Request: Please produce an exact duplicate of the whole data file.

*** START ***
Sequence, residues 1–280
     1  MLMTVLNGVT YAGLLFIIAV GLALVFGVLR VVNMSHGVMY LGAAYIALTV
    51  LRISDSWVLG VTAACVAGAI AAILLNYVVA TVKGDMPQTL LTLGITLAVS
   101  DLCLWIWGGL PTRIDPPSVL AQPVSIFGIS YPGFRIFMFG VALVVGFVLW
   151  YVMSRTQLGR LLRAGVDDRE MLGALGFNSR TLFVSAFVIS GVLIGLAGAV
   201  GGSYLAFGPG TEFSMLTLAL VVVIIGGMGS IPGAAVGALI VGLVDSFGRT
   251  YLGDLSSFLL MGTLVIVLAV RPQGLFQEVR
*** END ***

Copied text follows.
Sequence, residues 1–280
     1  MLMTVLNGVT YAGLLFIIAV GLALVFGVLR VVNMSHGVMY LGAAYIALTV
    51  LRISDSWVLG VTAACVAGAI AAILLNYVVA TVKGDMPQTL LTLGITLAVS
   101  DLCLWIWGGL PTRIDPPSVL AQPVSIFGIS YPGFRIFMFG VALVVGFVLW
   151  YVMSRTQLGR LLRAGVDDRE MLGALGFNSR TLFVSAFVIS GVLIGLAGAV
   201  GGSYLAFGPG TEFSMLTLAL VVVIIGGMGS IPGAAVGALI VGLVDSFGRT
   251  YLGDLSSFLL MGTLVIVLAV RPQGLFQEVR